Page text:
Tests have been administered and final grades assigned. Movement up the stairway of formal education has been granted or denied. Shouts of joy or groans of frustration have been visited upon myriad students -- and parents. Graduation announcements have been sent, gifts and cards purchased, ceremonies attended. Those so inclined and financially able to do so are in the throes of preparation to enter an institution of higher learning in a couple of months, most with excitement, some with trepidation. Others wonder and worry about where in the world they are going to find jobs.
The bright yellow buses are stilled, housed in huge warehouses for repairs and maintenance. Neighborhood streets are full of children on skateboards, bikes, motorized scooters and (gasp) afoot! The local recreation center swimming pool is open for business. Basketball goals have been dragged from behind garages to the edges of driveways and makeshift teams of players take turns trying to make baskets and stay out of the way of sometimes impatient motorists. Boom-boxes play on carports and in back yards until the curfew hour, with an occasional passing motorized juke-box breaking the stillness of the night.
All this school-related activity called to mind my first foray into the public (U.S. style) education system. The year was 1939. In September of that year I had reached an age sufficient to admit me to kindergarten in El Paso, Texas. We lived just far enough away from the school that my mother decided that I should ride the city bus from our one-room apartment to the school each morning, although I would be allowed to walk home after school. I think that she knew that my curiosity sometimes caused my attention to wander, and being a little late getting back home in the afternoon was preferable to being late to school.
She and I rode the city bus to the school when I went to be enrolled. During the trip, Mother went over and over the procedures for paying the bus fare, appropriate behavior while on the bus, and where to get off --- and so on and so on. She accompanied me to my classroom, where I met the teacher and obtained a list of supplies needed (tablet and pencil was about it, as I recall). Then we walked from the school back to the apartment, with Mother going over and over the exact route I was to take, stopping at cross-streets, looking both ways, etc., etc.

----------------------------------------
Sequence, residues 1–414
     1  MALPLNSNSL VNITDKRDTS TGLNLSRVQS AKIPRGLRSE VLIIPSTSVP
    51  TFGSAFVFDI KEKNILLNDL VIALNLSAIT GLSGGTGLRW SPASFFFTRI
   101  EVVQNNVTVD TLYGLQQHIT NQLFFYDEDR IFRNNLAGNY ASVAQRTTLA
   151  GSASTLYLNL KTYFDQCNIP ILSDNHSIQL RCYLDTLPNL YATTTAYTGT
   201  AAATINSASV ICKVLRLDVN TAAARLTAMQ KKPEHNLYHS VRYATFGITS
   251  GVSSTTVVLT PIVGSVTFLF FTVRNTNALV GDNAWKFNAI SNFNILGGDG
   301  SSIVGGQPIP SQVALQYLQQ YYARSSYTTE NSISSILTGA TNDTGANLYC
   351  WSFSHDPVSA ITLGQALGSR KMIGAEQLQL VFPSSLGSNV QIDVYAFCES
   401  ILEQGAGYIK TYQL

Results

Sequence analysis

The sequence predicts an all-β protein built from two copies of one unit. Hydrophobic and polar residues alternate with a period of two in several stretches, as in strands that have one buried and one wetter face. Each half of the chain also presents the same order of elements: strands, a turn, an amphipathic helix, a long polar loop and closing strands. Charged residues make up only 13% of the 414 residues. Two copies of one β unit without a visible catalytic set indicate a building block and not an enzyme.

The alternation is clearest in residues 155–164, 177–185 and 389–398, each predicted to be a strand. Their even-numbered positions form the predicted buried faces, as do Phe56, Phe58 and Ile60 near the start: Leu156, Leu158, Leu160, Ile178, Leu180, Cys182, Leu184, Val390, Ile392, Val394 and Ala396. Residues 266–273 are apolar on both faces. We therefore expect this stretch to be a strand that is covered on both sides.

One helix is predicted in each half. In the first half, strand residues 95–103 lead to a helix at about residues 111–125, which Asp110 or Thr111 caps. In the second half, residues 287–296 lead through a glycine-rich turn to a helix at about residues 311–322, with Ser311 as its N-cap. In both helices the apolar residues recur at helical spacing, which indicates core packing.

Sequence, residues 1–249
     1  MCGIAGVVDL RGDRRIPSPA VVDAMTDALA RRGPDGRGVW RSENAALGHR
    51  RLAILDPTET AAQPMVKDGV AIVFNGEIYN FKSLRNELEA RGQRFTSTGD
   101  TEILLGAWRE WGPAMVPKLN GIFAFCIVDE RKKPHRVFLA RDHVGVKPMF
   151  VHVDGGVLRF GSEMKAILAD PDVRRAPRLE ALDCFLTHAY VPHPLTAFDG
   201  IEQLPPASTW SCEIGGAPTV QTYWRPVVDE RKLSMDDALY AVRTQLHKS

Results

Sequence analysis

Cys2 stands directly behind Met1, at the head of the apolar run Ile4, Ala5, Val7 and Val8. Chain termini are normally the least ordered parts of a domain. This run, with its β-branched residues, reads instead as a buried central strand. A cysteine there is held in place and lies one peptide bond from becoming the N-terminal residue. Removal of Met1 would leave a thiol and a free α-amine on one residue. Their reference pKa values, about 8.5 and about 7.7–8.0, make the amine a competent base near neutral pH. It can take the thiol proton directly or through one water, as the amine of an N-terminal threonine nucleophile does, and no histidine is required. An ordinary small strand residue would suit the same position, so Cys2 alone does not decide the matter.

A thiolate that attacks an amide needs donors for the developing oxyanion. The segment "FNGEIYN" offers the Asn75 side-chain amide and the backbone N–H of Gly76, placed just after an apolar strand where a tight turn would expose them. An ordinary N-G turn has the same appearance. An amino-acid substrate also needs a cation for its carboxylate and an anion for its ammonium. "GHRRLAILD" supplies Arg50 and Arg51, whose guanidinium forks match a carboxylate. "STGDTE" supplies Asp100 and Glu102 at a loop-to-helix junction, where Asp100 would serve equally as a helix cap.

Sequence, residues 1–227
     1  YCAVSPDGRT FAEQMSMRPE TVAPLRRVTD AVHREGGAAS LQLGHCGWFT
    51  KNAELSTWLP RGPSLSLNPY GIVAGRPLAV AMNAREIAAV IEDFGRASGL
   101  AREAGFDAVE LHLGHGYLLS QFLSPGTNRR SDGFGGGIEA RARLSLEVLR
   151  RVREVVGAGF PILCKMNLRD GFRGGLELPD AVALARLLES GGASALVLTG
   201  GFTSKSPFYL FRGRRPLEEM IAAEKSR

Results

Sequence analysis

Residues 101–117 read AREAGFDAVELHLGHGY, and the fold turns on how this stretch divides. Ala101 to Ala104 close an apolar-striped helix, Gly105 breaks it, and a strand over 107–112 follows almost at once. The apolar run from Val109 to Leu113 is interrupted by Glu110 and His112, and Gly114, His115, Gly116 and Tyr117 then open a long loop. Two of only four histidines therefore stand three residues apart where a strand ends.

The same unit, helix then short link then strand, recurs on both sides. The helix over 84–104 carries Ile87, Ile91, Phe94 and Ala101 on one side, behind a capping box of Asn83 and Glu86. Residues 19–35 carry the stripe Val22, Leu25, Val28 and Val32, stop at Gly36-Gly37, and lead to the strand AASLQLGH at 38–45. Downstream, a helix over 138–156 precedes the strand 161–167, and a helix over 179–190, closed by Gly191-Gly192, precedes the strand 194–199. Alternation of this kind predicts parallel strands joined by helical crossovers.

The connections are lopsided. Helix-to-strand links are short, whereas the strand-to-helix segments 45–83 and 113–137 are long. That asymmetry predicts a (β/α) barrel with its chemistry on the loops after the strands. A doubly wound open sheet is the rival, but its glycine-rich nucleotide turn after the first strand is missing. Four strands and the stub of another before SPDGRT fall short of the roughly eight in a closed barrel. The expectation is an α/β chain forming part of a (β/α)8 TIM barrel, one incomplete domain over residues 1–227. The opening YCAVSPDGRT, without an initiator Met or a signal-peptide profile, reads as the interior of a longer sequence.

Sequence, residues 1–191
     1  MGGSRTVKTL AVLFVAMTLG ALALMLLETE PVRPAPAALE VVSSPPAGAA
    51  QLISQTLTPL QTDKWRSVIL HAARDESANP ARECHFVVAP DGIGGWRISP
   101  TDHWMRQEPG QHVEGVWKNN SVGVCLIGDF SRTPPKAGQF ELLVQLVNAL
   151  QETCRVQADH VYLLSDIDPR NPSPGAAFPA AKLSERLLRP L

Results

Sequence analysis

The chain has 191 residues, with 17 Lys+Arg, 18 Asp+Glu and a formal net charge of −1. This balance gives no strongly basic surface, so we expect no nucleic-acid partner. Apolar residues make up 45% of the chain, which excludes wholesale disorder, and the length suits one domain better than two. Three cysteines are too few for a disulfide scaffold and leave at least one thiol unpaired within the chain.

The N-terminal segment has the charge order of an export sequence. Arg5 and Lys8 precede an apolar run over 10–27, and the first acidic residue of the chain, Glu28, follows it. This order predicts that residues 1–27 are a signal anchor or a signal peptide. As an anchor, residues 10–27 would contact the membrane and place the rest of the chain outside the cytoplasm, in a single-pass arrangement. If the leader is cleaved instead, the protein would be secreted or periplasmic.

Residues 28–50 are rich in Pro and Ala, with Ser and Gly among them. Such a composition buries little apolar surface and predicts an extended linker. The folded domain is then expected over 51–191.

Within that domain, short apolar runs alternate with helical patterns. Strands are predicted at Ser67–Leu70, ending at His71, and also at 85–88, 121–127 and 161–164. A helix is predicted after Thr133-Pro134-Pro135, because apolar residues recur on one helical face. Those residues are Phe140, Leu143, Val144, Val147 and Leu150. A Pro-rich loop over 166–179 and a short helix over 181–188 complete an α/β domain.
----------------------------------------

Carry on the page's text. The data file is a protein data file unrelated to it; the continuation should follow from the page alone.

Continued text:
The next morning, I caught the bus at the nearby corner, sat up like a big girl, minded my manners, and got off the bus in front of the school. The red-brick school building had one story raised about eight to ten feet above the lot, and a large, partially below ground-level basement. About a dozen big steps (at least they looked that way to a five year old) led from the front walk upwards to the main floor.
With tablet and pencil and (probably) lunch box in hand, I started up the steps to begin my first day in school. I was so excited! However, standing about half-way up the steps was a huge boy (must have been a sixth-grade student) who challenged me, in fact, barred my way with outspread arms and said in a loud voice"You can't come in here!" I think I tried to get past him; after all, I had to go to school! But, try as I might, he continued to forbid my entrance!!! So...
...I turned around and walked home.
That my mother was astonished to see me is an understatement. When I told her what had happened, we got on the bus and went to school again. It was then that I learned that kindergarten was down the steps at the side of the building. Only big kids got to go up the steps onto the main floor. After explaining to the teacher why I was tardy on my first day, Mother went back home to care for my two siblings who had been left in the charge of the landlady.
I don't remember anything else at all about my first day of school, but there are other things that I do remember about that school year, and those, perhaps, will be other stories. I might even write about why, to this day, I can't stand the taste nor smell of Pet Brand evaporated milk.